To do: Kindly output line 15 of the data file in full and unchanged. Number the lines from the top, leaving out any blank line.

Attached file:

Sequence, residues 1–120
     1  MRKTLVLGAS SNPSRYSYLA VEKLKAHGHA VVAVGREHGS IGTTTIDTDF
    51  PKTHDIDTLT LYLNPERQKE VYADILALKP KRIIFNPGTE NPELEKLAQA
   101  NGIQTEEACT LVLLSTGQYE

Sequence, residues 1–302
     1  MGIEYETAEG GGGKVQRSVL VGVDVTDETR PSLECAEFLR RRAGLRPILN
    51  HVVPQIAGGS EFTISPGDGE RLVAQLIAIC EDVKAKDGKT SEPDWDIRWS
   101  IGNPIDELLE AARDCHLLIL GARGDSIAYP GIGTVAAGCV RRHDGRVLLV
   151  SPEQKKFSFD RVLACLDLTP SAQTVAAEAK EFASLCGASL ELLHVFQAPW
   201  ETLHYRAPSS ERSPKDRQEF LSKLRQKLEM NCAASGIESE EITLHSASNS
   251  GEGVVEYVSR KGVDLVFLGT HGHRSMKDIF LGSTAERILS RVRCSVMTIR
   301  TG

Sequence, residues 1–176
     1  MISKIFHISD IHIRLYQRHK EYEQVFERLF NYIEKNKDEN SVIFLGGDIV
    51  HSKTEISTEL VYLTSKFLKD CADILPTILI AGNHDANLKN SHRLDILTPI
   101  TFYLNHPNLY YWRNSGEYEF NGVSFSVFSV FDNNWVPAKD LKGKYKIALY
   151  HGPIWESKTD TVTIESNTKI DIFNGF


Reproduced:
    51  HSKTEISTEL VYLTSKFLKD CADILPTILI AGNHDANLKN SHRLDILTPI